Even if you’ve had a previously successful outing with your bestie ordering only ginger ale with lime, you’re playing with fire every time you go.

I, too, can order off the Skinnylicious menu at The Cheesecake Factory and feel good about it at the time. But I also know that at some point, I’m probably going to cave and get the nachos, for which I will hate myself immediately (once I’ve recovered from my food coma).

Avoiding the boozy scenes may mean that you’re doing some earlier-in-the-day small group or one-on-one meetups with your friends, and that’s okay. There is no law that says your social life is only valid if it’s happening at night.

3. Always have an escape plan.

I get it. You like hanging out with your friends at happy hour, eating discount wings, and talking shit about anything and everything.

You all are the bestest besties that ever bested.

You’re an adult. You can go if you want to, but make sure you have a plan for how to handle anything tricky.

Let your people know that you’ll need to leave if you start to feel too tempted or if it gets past (whatever time) in the evening.

Here’s the thing. The SOBER version of your friends may be cool with this.

Yah, man. No worries. We got you!

However, the DRUNK version of your friends can be a little fuzzy with the boundaries.

If it looks like your friends might be venturing into the land of the drunk and ridiculous, that’s your cue to head home.

Will they blow up your phone with incoherent texts and regrettable videos later in the night?

Probably.

But you can return the favor at 8 AM when you’re up and they’re in bed dying a slow death. What are friends for, amirite?

More>> What is Hangxiety?

4. Let them come to you.

If things have gotten awkward since you stopped drinking, putting a little space between you and your friends is fine, especially if yours was a boozy bunch.

Remember – first things first.

Before anything and everything, your sobriety. Don’t waste a lot of mental and emotional energy trying to dissect what that means in the long term. You’ll drive yourself crazy (and potentially relapse).

Today, you’re not going to drink and if that means that TODAY, you don’t hang out with your crew, then that’s all it means. You don’t need to assign any more meaning to it than that.

Your friends may end up surprising you.

One or two might call you up to grab coffee and chat and it will be like nothing’s changed at all. Or maybe everything has changed and that’s what they want to talk to you about.

Maybe they’re thinking of quitting drinking as well.

The point is that you don’t have to take on the burden right now of deciding what is or isn’t becoming of your friendships.

If they’re not on board with it right now, no problem. You do you. They will do them. In time, one of two things will happen. Either they will seek you out and you’ll navigate your new, sober relationship OR time will do what it always does and you’ll move on.

Either way, you don’t need to concern yourself with this stuff today.

Sobriety can feel lonely, but you are not alone. 

If you’re feeling sad now because your entire social circle seems to have abandoned you, please know that you are not alone.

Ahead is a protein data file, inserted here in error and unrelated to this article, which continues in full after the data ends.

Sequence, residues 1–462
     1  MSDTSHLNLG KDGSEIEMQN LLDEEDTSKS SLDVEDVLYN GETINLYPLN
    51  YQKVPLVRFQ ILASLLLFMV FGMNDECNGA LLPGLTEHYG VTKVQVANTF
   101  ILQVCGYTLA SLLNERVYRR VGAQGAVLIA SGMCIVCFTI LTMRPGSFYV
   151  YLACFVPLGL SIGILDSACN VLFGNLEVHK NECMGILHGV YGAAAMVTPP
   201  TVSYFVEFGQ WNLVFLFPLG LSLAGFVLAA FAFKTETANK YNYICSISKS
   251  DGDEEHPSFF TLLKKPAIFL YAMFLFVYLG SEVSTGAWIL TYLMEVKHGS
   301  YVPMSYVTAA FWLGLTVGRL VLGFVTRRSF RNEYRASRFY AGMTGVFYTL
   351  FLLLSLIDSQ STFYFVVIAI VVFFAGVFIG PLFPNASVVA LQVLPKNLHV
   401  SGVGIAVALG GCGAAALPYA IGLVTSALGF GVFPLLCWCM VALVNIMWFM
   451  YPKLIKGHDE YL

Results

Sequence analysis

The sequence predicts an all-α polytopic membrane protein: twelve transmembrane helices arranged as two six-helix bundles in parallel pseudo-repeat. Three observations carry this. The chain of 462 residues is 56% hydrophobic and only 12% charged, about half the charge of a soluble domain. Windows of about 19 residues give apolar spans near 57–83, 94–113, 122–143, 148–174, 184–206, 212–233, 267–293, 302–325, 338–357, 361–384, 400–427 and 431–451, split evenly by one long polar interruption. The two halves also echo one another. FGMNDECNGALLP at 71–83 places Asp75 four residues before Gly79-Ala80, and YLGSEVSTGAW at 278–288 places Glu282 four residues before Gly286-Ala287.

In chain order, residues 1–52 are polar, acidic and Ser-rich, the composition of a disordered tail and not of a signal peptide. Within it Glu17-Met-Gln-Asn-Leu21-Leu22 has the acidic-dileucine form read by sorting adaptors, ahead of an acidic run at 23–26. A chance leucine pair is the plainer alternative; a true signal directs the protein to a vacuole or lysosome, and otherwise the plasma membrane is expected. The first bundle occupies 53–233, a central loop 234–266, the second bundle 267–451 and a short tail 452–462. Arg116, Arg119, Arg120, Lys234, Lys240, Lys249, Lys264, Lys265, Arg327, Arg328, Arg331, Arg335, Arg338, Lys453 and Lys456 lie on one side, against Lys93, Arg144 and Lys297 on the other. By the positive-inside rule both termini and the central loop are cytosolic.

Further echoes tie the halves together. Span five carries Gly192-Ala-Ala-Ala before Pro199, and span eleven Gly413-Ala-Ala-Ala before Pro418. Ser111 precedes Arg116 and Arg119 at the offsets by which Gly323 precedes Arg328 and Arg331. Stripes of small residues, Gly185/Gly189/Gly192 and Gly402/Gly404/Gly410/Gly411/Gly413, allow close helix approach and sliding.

You have a fantastically supportive community here and in other online spaces. Recovery Twitter is incredible, and there is always your local AA or other recovery programs you can turn to.

Do not despair.

That sounds a little intense, but that’s because (sometimes) it is. Whenever you question whether you made the right choice by giving up drinking, remember your reasons for choosing sobriety.

If your friendships were predicated entirely on getting wasted together, then perhaps they weren’t real friendships. Or maybe they’re not right for you now, but in the future, they will be. Whatever the case, don’t take any of it personally.

Easier said than done, I know. But if you’re not seeing your pals because they’d rather get shit-faced than hang with you, that’s on them.

You’re doing an incredible thing for yourself and will attract like-minded people. Be patient and let time do its thing.

More>> How To Find New Sober Friends

Access should not be a barrier to help.

Soberish is proudly sponsored by BetterHelp. If you have tried (and failed) to find a therapist with the knowledge and background to help you navigate your specific issues, try BetterHelp. Learn more about my counseling journey with BetterHelp or visit their website below.

Journal Activity To Help You Handle Friends Who Still Drink

Today, I want you to take some time to think about your social circle now that you’ve decided to stop drinking.

  • Are your friends generally supportive of your sobriety? Write about that.
  • Do any of your friends give you a hard time? How do you feel about that? What do you plan to do?
  • Do you feel like you’re missing out right now or is your social life still pretty active? Why do you think that is?
  • Is there anyone with whom you need to have a difficult conversation? Who is it? What do you need to say? 
  • Have you attempted to hang out with people drinking since you stopped? What was that experience like? 

Want more journaling ideas and support?

Because we all need a good laugh from time to time

Here’s a funny little clip from the BBC that I’m sure you’ll appreciate.

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2 Comments

    1. Thank you for this! And congrats on your year+ sobriety! That’s awesome 🙂